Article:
Seeing my Ex’s new girlfriend with my kids and grandkids is killing me. Last year, he moved from our house into hers after 36 years of marriage. I’d almost gotten used to the idea of her with him, but now he wants to bring her to our family holiday party, and I’m back at square one.
Adjusting to an Ex’s new relationship is one of the most challenging parts of divorce. This is especially true if the new beau is the person your Ex left to be with. It feels completely unfair and wrong to accept that this new person will have a place in the lives of your children and grandchildren.
What you’re feeling is valid, normal and allowed. And believe it or not, it’s an important part of your divorce recovery. You’re not back at square one, although it can feel like it. You’ve been moving along, even making progress when life circumstances spark fresh pain, grief, humiliation or anger. These feelings, triggered by holidays, family celebrations, the day the divorce is final, and, yes, being confronted with a new significant other “invading” your family space, signal that you’re in divorce recovery 2.0.
You’ve graduated to the next layer of healing, and it presents you with a golden opportunity to work through the pain and get to a deeper level of recovery.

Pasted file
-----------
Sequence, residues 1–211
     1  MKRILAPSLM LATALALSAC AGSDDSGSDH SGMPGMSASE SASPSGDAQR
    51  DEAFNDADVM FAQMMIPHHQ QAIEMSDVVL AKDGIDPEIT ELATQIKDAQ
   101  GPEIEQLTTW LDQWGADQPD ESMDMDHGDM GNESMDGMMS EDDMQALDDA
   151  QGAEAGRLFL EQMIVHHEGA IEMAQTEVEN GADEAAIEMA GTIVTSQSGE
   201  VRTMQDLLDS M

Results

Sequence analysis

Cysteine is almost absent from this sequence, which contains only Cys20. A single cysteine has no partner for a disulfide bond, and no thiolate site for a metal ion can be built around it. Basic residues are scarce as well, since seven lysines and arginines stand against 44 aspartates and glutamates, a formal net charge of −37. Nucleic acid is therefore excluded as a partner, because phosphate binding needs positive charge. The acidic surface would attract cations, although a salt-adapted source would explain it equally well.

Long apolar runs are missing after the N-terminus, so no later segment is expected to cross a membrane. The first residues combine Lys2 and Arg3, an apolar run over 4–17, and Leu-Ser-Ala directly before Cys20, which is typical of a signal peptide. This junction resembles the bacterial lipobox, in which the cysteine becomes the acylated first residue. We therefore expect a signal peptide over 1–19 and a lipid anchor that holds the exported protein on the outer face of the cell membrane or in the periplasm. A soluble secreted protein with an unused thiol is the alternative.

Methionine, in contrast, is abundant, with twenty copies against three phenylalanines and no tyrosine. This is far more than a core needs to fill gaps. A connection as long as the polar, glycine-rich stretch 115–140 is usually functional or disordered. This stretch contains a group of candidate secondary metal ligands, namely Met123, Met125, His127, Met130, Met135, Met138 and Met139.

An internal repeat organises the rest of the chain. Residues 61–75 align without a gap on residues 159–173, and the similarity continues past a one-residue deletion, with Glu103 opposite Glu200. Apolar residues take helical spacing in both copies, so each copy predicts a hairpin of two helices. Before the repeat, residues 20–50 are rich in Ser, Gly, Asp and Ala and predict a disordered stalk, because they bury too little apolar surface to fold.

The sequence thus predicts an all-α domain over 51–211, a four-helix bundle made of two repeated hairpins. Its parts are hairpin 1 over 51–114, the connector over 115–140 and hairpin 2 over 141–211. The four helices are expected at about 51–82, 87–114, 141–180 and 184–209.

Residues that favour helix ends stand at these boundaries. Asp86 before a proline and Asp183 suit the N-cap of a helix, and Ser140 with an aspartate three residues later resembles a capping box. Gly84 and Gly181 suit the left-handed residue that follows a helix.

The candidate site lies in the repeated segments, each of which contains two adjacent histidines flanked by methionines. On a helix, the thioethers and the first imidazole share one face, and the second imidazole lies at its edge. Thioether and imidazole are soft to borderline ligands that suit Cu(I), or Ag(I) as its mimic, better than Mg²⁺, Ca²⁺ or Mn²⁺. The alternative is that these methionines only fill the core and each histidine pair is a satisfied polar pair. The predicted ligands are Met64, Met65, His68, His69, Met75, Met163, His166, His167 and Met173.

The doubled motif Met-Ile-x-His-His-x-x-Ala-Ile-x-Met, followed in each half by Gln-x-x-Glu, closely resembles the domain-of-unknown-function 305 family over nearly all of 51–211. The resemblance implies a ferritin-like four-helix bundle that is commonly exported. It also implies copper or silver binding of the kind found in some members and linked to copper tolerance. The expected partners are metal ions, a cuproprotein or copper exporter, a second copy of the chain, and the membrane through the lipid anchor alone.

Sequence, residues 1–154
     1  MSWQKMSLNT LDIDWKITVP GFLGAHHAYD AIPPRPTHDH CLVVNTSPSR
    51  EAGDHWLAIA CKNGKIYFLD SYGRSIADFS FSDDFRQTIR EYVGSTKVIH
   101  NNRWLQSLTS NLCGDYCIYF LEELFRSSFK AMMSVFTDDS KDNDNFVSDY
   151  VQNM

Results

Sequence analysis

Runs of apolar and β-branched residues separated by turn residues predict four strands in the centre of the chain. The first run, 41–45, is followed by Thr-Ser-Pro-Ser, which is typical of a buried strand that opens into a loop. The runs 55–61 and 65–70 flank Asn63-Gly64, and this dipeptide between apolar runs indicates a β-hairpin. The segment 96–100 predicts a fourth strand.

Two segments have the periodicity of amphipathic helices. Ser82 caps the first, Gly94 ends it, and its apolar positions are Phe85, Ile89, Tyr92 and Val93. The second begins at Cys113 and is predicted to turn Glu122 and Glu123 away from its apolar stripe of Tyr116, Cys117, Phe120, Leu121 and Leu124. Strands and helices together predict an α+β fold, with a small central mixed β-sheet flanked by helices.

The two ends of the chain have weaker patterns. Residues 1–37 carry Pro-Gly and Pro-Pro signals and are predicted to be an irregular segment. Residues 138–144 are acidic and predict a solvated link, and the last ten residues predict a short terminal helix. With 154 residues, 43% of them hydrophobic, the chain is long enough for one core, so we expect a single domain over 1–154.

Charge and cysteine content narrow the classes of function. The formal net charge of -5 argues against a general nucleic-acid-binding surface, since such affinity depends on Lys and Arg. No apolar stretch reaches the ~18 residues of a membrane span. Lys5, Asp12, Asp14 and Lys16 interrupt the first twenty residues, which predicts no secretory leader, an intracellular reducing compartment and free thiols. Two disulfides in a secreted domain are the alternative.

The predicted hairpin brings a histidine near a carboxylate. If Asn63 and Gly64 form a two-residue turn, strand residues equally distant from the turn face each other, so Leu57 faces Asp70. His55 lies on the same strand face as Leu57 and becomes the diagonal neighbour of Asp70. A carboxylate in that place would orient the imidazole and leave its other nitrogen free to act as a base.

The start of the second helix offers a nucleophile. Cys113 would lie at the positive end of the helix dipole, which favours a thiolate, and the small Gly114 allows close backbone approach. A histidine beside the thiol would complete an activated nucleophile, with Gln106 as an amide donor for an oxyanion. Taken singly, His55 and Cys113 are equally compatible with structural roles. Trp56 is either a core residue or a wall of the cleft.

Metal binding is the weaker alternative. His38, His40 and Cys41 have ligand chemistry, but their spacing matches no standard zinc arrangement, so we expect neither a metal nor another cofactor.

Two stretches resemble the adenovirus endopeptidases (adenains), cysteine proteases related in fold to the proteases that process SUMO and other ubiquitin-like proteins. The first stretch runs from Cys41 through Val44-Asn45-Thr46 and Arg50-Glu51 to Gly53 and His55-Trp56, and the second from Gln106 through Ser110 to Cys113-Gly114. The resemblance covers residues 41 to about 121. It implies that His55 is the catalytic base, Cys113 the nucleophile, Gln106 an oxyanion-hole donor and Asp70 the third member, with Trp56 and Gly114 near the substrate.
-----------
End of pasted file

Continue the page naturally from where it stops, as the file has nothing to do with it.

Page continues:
Why do this?
It can seem like working to accept the new partner is letting them “win.” But, you’re not doing it for them—in fact, it has nothing to do with them. You’re not even doing this solely for your kids, although knowing you’re moving past anger and grief will be a great relief to them.
You’re doing it for you. When you’ve healed to the point where you’re peaceful about the past, your Ex and even your Ex’s relationship, you are free. Not only that, your focus is on your own bright future, and that’s where your energy is going. Rebuilding is the final phase of your recovery, and the lighter your heart is about the past, the more fun and joy you will have creating your new life. That’s a win for you.
You don’t have to befriend or even like your Ex’s partner, although you can if that works for you. What you’re going for is neutral cordiality and peace in your heart when you see them together at family events. You deserve to enjoy your family regardless of if they are there—and you have the power to give that to yourself.
It doesn’t happen overnight.
Like everything about divorce recovery, this is a process. It takes intention, self-reflection, inner work and, often, outside support. It’s not easy, but you’re worth it.
- Let yourself feel your feelings. Scream into your pillow, cry if you want to, and try journaling if you’re not already.
- Lean on your inner circle. This is a good time to call your best friend or drop in on a divorce support group to talk it through.
- Recognize this situation for what it is: an intense and essential recovery opportunity. Step into your power by deciding to use it to continue your healing.
- Get help if you get stuck. Working with a coach or therapist will help you get over the hill. Books and courses on divorce recovery can give you new perspectives as well as practical tools and exercises.
- Be gentle with yourself, and know that you will get through this.
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